The relationship between periodontal disease and cardiovascular disease has been the subject of much research in recent years. The aim of this study is to review and analyze the relevant literature regarding this relationship, with an emphasis on determining a presence of periodontal bacteria from the periodontal pocket in atheromatous plaques, and to explore the biological role of inflammatory mechanisms that may link periodontitis and cardiovascular disease. Although there seems to be conflicting reports, the overall consensus confirms the presence of periodontal bacteria, such as Porphyromonas gingivalis, in atheromatous plaques. Additionally, the presence of systemic markers of cardiovascular disease in patients with periodontitis, such as acute phase proteins, proinflammatory cytokines, and markers of procoagulant state, has been confirmed. These confirmations could indicate a role for periodontal pathogenic bacteria in atherosclerosis disease process. Additionally, these findings give rise to possible mechanisms linking the two diseases.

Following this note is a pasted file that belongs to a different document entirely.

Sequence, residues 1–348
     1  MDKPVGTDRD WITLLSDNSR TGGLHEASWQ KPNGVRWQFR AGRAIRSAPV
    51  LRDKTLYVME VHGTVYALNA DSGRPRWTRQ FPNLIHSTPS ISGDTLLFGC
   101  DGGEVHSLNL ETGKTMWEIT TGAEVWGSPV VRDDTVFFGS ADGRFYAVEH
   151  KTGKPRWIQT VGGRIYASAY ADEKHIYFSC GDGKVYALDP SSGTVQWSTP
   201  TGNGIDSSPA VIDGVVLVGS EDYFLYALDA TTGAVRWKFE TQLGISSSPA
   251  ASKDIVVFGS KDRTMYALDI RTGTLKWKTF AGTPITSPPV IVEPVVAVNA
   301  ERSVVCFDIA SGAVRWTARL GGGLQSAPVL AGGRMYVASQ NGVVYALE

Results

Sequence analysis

Krupka, J. (2017). The Relationship Between Periodontitis and Cardiovascular Disease. The Science Journal of the Lander College of Arts and Sciences, 11 (1). Retrieved from https://touroscholar.touro.edu/cgi/viewcontent.cgi?article=1185&context=sjlcas